President Vladimir V. Putin and his Turkish counterpart Recep Tayyip Erdogan plan to meet in the southern Russian Black Sea resort town of Sochi on Friday for a second face-to- face conversation in less than three weeks, against a complex backdrop of dovetailing and competing interests. Ayatollah Ali Khamenei, Iran's supreme leader, described the talks in Sochi as a continuation of their talks in Iran on July 19, covering everything from drones to grain shipments to Syria. Mr. Erdogan has emerged as an important mediator between Ukraine and Russia, which is trying to break out of the economic and political isolation imposed by the West over its invasion of Ukraine. The applicant was instrumental in achieving an agreement between the two countries to restart Ukrainian grain shipments through the Black Sea.
Erdogan is on a fine line to keep his ability to talk to both Russia and NATO s foe, and to Western members of the alliance. Turkey has held to its refusal to join Western sanctions against Russia, irking NATO allies, but Mr. Erdogan has eased his initial objections to Sweden and Finland joining the alliance as a bulwark against Russian aggression. Russia provided a fourth of the country's crude imports and almost half of its natural gas purchases last year, and was a key supplier of energy to Turkey. The Russian state nuclear corporation is planning to build a nuclear power plant in the Mediterranean, which is expected to provide 10 percent of Turkey's energy needs after its scheduled completion in 2026. Turkey is becoming an important transshipment point for goods headed to Russia now that many Western freight companies no longer handle Russian-bound shipments for fear of defying sanctions, the Turkish newspaper Dunya reported on Thursday. The country remains a popular destination for Russian tourists with 1.4 million visits this year, according to Interfax. There are still stark differences between the two leaders. Their countries backed opposing sides in the civil war in Turkey's neighbor, Syria. The Kremlin has expended blood and treasure to support President Bashar al-Assad, while Turkey, which has absorbed more than 3.7 million Syrian war refugees, supports an opposing rebel faction and is threatening a new military offensive in Syria s north. They have also been involved in opposing sides in the violent border dispute between Armenia and Azerbaijan.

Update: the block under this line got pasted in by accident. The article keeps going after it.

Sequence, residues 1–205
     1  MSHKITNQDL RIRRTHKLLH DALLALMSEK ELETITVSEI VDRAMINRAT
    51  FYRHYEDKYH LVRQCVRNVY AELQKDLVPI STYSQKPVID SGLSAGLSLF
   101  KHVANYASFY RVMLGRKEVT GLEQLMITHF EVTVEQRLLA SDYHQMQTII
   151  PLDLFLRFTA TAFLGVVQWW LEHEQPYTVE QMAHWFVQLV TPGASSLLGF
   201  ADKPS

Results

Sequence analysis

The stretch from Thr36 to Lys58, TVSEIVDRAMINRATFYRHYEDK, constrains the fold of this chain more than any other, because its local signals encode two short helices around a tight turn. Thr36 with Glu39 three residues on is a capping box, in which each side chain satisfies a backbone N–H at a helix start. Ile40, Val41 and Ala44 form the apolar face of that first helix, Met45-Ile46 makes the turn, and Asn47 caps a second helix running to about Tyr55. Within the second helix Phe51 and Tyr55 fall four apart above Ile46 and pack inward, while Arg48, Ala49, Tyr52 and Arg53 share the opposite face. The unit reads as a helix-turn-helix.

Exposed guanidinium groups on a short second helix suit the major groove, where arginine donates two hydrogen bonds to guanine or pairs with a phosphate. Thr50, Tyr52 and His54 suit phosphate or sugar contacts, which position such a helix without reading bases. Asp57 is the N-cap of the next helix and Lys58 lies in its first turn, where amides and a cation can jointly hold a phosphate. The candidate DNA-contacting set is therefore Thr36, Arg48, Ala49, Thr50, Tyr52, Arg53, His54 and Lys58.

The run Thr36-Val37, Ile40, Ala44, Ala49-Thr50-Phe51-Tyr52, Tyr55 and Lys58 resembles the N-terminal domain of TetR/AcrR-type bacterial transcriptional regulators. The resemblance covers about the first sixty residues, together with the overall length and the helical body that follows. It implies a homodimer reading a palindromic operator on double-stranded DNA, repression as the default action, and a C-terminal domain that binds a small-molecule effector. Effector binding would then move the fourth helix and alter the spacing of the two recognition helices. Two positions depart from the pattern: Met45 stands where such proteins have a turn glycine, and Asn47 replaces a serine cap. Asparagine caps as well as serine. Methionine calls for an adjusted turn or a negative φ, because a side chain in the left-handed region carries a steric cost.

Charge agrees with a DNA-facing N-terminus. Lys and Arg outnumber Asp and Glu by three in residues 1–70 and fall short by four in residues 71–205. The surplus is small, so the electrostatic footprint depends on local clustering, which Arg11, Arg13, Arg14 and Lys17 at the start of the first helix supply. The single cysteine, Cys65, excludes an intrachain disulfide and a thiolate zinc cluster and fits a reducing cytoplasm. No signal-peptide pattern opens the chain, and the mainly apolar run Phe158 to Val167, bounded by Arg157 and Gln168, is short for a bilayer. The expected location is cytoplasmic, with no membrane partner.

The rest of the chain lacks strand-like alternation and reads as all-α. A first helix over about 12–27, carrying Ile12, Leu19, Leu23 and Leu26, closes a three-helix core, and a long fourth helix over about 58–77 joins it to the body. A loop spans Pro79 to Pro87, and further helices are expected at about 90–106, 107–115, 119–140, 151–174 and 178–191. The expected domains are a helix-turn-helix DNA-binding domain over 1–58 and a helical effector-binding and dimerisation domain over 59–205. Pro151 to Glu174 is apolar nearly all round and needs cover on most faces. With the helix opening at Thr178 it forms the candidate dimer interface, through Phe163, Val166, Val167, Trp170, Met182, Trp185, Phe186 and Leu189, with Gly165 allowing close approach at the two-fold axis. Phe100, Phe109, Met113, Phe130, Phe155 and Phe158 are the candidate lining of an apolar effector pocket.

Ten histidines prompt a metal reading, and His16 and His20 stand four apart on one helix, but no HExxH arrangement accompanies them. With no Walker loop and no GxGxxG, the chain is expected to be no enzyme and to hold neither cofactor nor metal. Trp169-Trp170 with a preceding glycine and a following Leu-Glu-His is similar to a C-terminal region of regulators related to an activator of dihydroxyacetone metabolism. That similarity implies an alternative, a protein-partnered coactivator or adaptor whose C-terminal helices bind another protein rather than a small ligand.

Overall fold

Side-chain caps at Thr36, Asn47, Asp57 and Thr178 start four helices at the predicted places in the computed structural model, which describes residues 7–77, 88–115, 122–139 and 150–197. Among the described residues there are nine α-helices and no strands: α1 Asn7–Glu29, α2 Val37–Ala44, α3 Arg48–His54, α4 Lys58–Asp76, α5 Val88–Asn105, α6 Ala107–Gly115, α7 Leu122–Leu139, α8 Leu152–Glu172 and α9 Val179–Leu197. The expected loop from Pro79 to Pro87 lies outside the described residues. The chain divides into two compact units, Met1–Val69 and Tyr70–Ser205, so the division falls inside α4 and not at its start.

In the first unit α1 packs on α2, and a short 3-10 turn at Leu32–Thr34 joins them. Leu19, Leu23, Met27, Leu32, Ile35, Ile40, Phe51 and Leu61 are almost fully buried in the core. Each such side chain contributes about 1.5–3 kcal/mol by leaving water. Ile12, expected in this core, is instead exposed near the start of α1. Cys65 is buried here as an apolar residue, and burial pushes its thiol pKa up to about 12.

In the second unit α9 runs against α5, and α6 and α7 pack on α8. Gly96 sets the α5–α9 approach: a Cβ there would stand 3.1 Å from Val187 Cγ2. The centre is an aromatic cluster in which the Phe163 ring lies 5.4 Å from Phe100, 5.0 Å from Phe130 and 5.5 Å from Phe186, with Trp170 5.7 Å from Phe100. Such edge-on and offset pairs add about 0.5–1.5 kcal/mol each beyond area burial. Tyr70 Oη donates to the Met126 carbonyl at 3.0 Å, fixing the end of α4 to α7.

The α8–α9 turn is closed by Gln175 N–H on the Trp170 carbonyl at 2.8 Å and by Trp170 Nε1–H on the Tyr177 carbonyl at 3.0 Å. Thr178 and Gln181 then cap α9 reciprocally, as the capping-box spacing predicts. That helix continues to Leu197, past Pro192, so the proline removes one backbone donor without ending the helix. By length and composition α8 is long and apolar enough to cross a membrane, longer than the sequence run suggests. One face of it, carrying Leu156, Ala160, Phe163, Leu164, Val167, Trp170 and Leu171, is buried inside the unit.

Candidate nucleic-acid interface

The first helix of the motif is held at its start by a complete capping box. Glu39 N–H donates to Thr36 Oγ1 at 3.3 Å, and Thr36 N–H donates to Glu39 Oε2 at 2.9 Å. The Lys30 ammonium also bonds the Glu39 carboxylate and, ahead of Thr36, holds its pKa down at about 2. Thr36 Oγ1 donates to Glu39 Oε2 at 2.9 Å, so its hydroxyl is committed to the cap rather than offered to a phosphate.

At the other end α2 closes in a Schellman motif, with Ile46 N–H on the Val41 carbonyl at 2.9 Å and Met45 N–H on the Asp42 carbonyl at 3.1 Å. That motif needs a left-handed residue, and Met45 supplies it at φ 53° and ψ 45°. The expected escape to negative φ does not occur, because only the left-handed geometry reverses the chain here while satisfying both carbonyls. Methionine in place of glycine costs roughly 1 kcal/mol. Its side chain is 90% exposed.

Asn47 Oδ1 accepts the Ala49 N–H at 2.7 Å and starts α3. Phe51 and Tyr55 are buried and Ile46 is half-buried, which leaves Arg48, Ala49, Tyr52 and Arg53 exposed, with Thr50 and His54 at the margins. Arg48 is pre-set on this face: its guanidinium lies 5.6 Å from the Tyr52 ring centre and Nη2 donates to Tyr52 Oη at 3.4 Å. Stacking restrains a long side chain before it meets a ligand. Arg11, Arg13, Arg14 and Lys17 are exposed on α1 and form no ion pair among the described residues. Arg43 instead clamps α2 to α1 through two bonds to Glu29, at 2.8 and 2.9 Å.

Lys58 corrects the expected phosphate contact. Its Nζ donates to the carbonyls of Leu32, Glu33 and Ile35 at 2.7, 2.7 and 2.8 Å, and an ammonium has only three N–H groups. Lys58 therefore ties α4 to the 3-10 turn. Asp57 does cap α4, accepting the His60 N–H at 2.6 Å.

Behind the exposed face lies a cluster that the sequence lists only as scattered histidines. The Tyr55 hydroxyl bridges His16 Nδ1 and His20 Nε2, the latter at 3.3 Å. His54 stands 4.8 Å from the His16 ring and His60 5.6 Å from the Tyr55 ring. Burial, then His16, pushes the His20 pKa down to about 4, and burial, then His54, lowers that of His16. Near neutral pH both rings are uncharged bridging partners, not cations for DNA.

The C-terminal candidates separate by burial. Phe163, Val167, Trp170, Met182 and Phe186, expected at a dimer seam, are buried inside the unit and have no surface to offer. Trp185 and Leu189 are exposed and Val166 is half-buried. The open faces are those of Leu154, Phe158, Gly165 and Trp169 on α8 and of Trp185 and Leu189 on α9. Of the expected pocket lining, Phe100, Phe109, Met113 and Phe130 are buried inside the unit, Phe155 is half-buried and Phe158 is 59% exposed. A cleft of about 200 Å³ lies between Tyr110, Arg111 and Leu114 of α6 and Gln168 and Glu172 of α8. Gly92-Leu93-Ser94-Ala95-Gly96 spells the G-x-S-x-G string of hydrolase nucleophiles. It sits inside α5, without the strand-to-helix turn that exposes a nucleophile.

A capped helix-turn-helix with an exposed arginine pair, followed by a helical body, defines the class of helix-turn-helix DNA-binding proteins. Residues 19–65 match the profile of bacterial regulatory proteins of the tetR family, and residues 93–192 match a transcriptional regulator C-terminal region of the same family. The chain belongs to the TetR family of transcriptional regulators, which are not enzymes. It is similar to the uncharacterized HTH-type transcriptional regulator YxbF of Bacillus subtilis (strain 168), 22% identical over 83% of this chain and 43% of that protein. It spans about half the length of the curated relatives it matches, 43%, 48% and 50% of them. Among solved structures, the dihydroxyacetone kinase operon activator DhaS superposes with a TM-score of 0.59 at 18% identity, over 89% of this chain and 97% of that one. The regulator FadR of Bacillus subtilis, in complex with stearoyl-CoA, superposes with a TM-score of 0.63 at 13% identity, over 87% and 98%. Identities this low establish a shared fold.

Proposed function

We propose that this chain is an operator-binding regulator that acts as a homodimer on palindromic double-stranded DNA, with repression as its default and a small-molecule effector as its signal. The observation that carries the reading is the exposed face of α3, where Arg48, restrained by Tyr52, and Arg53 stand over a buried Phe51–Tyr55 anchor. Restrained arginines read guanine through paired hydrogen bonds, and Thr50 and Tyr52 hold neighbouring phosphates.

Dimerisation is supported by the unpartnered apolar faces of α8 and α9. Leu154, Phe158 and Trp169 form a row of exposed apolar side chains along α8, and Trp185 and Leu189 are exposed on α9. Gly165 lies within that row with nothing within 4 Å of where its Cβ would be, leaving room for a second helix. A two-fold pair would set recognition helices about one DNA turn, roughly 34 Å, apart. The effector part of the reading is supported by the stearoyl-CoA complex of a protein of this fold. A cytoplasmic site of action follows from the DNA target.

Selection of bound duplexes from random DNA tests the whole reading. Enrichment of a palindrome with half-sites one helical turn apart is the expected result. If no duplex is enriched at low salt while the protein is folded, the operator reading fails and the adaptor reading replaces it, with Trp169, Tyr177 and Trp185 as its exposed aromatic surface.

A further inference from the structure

According to the Interfax news agency, military-technical cooperation between the two countries is permanently on the agenda, and the fact that our interaction is developing in this sensitive sphere shows that the entire range of our interrelations is at a very high level, according to Dmitri S. Peskov, Russia's presidential press secretary.